Sponsored Workshops
PETSc 2016
The PETSc 2016 conference was the second in a series of workshops for the community using the PETSc libraries from Argonne National Laboratory (ANL). The Portable Extensible Toolkit for Scientific Computation (PETSc) is an opensource software package designed for the solution of partial differential equations and used in diverse applications from surgery to environmental remediation. PETSc 3.0 is the most complete, flexible, powerful, and easytouse platform for solving the nonlinear algebraic equations arising from the discretization of partial differential equations. The PETSc 2015 meeting at ANL hosted over 100 participants for a three day exploration of algorithm and software development practice, and the 2016 meeting had over 90 registrants.
We were fortunate to have very generous sponsors for this meeting. Thirteen student travel awards, including several international trips, were sponsored by Intel (through the Rice IPCC Center), Google, and TechX, and the conference facilities were sponsored by the Vienna Scientific Cluster. Richard Mills of Intel presented a keynote lecture on the new Knights Landing (KNL) architecture for the Xeon Phi line of processors and a strategy for PETSc performance optimization.
SIAM PP 2016 Minisymposium
Our minisymposium, To Thread or Not To Thread, attempted to clarifying the tradeoffs involved and give users and developers enough information to make informed decisions about programming models and library structures for emerging architectures, in particular the large, hybrid machines now being built by the Department of Energy. These will have smaller local memory/core, more cores/socket, multiple types of user addressable memory, increased memory latencies (especially to global memory) and expensive synchronization. Two popular strategies, MPI+threads and flat MPI, need to be contrasted in terms of performance metrics, code complexity and maintenance burdens, and interoperability between libraries, applications, and operating systems.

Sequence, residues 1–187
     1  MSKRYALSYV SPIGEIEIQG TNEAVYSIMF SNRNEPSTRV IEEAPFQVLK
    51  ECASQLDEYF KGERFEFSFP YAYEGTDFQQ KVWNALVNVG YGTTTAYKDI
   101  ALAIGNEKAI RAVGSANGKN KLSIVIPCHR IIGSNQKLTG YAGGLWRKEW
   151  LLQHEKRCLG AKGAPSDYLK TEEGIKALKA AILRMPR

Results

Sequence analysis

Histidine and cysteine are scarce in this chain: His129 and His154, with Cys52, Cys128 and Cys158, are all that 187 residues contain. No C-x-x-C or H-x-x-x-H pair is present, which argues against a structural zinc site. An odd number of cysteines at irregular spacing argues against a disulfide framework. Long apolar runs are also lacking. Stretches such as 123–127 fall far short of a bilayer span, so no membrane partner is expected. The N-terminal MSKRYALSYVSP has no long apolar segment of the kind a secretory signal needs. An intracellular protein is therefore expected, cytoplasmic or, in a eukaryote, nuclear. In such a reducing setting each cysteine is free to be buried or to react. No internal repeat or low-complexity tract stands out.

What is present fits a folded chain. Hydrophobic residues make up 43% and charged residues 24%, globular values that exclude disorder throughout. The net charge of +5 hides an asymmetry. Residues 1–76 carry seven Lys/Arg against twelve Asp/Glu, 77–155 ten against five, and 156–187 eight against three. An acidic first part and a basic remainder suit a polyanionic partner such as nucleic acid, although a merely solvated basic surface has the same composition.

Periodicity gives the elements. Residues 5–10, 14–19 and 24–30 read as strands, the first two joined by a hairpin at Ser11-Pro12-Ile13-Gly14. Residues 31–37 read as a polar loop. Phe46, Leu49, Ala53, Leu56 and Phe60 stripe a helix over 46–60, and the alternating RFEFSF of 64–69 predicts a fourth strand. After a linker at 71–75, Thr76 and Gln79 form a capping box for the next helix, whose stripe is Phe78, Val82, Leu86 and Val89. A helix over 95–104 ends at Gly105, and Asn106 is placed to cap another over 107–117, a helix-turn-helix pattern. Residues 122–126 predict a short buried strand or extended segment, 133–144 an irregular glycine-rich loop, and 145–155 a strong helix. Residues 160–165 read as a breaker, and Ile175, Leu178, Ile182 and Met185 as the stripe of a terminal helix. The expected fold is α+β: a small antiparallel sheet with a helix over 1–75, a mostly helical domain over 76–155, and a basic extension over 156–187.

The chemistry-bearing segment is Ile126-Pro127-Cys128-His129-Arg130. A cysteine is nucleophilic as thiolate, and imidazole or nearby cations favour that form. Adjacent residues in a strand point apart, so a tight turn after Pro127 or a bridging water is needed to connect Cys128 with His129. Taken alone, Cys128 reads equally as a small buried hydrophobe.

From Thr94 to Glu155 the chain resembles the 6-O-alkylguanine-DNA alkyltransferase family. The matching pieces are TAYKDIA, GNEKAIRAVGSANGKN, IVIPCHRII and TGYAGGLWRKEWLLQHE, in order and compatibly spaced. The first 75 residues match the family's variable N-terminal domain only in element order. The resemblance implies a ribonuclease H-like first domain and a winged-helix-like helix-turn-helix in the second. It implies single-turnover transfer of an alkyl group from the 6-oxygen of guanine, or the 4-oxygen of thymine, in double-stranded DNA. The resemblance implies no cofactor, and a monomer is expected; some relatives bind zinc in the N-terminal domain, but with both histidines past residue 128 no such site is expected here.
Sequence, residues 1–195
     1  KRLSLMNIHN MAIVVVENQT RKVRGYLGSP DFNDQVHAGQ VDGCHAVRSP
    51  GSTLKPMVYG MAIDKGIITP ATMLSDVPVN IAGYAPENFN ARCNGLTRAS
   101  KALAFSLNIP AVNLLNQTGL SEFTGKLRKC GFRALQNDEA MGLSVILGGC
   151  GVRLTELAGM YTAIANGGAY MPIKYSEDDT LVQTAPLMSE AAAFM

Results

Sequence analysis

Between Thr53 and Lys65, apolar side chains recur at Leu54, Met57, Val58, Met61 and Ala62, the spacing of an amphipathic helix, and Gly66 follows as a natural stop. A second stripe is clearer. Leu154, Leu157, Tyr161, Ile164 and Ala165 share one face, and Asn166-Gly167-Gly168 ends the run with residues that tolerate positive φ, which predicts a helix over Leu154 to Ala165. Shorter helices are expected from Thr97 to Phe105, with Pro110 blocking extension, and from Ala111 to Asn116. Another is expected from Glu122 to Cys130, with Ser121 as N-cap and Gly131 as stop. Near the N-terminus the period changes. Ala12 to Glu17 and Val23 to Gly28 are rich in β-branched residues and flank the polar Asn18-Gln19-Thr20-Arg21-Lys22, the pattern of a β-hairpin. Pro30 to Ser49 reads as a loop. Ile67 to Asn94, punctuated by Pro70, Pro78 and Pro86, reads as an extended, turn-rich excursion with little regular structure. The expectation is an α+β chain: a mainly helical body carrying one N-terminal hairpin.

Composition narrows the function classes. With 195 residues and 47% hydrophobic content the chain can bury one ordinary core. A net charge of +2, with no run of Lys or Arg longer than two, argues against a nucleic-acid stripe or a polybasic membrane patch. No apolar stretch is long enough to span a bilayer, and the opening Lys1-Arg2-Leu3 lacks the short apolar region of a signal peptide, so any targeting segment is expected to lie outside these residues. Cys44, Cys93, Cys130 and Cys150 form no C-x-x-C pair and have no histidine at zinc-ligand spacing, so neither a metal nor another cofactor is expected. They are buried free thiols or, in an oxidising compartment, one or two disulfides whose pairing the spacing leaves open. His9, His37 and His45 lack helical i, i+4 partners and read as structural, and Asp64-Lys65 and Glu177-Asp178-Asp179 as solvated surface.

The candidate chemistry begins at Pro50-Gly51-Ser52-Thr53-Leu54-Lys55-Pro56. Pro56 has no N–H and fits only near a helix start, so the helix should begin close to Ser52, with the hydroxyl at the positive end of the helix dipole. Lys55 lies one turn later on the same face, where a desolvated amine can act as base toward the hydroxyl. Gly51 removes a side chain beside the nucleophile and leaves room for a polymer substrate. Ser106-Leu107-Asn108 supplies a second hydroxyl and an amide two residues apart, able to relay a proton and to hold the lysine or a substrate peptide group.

Threading Tradeoffs in Domain Decomposition, Jed Brown, Argonne National Laboratory and University of Colorado Boulder
 Firedrake: Burning the Thread at Both Ends, Michael Lange, Imperial College London
 Threads: the Wrong Abstraction and the Wrong Semantic, Jeff R. Hammond, Intel Corporation
 MPI+MPI: Using MPI3 Shared Memory As a MultiCore Programming System, William D. Gropp, University of Illinois at UrbanaChampaign
 MPI+X: Opportunities and Limitations for Heterogeneous Systems, Karl Rupp, Vienna University of Technology
 The Occa Abstract Threading Model: Implementation and Performance for HighOrder FiniteElement Computations, Tim Warburton and Axel Modave, Virginia Tech
Computational Infrastructure
The geosolver cluster at the Center for Computational Research is a 1200 core Dell/Linux machine with Intel Skylake processors connected by Intel OmniPath fabric.Processors  100 Xeon 6126 
Memory  9.4 TB of DDR4